Not only do people want babies because they want babies in an amorphous way, but some people want specific babies to save the lives of their gravely ill children. Spar writes of two families desperate to produce genetically specific children, the family of Henry Strongin Goldberg and of Molly Nash. Both children were born with a condition that causes bone marrow failure called Fanconi anemia; for both children, getting the precisely correct match for a bone marrow transplant was their only hope. While Molly Nash's mother was able to birth a baby with a favorable match, Henry Strongin Goldberg's mother -- after nine IVF attempts -- produced a child whose marrow did not end up a compatible match and the ill boy died. As Spar points out, two concerns arise from such situations. One is the cost: about $18,000 for the IVF process plus $3,500 for the diagnostic testing (PGD). Obviously, this means not every family would even be able to try to save their child at all. Another is how to draw a line: saving the life of a critically ill child is one extreme, but a slippery slope lies just beyond that circumstance. Dr. Jeffrey Steinberg, who runs a California infertility clinic, is quoted as saying, "'We've had emails and phone calls requesting specific traits.'" Spar points out that the eggs of an Ivy League educated, attractive young woman can fetch as much as $50,000. The fear of designer babies is not, she argues, unwarranted.

The Baby Business examines the economics of surrogates, first outlining the narrative arc from Baby M and women donating not only womb space but their eggs to the ability today, thanks to more sophisticated technologies, for a gestational surrogate to essentially "rent out" her uterus. With surrogates as with all technologies, one of the book's real strengths is that Spar reports upon the global market. In doing so, she notes which countries are willing to pursue certain avenues to creating children and which aren't. She looks at how different countries try to regulate technologies, and how others -- like ours in large part -- don't. Potential inequities between those who can purchase the opportunity to engage a surrogate and the women offering the service -- depending upon country of origin, often young and easily exploited -- exist and, Spar argues, must be acknowledged. This market, she urges, "... needs rules that establish how motherhood is transferred from one woman to another; rules that protect all these mothers along the way; and rules that define whether surrogacy is a privilege, a prerogative, or a prohibited activity."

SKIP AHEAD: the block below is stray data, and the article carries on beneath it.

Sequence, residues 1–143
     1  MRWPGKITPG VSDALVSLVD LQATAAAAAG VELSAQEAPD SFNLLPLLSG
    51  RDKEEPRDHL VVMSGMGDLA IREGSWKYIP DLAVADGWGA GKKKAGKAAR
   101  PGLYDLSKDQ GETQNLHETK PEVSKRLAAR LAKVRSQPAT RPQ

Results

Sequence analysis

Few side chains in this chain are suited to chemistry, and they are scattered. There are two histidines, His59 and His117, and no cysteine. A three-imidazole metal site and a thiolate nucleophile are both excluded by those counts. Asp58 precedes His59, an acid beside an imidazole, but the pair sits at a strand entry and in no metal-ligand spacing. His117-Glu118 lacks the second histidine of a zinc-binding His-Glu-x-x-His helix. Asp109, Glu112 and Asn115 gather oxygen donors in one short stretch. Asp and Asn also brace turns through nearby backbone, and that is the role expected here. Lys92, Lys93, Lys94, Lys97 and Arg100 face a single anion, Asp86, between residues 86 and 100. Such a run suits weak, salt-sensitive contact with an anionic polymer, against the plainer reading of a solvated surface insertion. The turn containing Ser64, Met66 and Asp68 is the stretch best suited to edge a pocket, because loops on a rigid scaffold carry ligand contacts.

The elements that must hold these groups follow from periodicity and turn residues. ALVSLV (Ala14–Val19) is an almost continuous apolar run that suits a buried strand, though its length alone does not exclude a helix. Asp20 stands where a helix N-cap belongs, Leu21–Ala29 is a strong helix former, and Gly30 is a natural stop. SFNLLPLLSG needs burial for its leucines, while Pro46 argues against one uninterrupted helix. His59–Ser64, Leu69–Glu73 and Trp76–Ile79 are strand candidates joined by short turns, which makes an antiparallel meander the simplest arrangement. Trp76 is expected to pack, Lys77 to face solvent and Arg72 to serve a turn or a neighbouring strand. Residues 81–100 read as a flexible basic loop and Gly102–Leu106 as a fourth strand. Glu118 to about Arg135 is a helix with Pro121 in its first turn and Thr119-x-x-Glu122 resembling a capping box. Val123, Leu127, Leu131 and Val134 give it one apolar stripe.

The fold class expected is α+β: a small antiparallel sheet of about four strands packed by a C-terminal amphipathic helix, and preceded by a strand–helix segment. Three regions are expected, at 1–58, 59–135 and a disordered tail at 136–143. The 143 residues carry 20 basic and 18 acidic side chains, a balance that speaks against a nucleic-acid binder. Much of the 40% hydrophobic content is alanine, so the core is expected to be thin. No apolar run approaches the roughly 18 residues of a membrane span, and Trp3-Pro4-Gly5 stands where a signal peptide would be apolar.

Spar also explores what is almost a flip side to reproductive technologies, which is adoption. She writes, "As with the more mechanical forms of reproduction, adoption carries an often hefty price tag, ranging from virtually nothing -- the cost of adopting a teenager from the U.S. foster system -- to more than $35,000, the fully loaded cost for a healthy white Russian infant." Placing adoption squarely into the framework of this area of commerce -- conception -- is a savvy move, one that broadens the debate and offers a lot more information about how markets and governments and individuals can look at these issues, because adoption has a longer, active history than reproductive technologies do thus far. The interplay between control of reproduction and adoption is linked in critical ways.

By examining the economics globally with such attention to detail, along with offering analogies that contextualize the questions about regulation -- such as how our country deals with such medical issues like organ donation and hip replacements -- Spar reveals how a landscape that exists, often without acknowledgement, can become more visible. Focusing upon the issues, the questions, the potential choices offer a starting point for intelligent conversations, ones less fueled by simplistic or knee-jerk politics, and clearly these conversations must occur. As Spar ably observes of the possibilities that we are grappling with: "We can plunge into the market that desire has created, imagining how we can shape our children and secure our children without destroying ourselves." Having synthesized a great deal of pertinent information, she's laid the groundwork for many of these necessary discussions. This book is truly a must-read.

mmo : june 2006

Sarah Werthan Buttenwieser is a freelance journalist and regular contributor to the MMO. She lives in Western Massachusetts.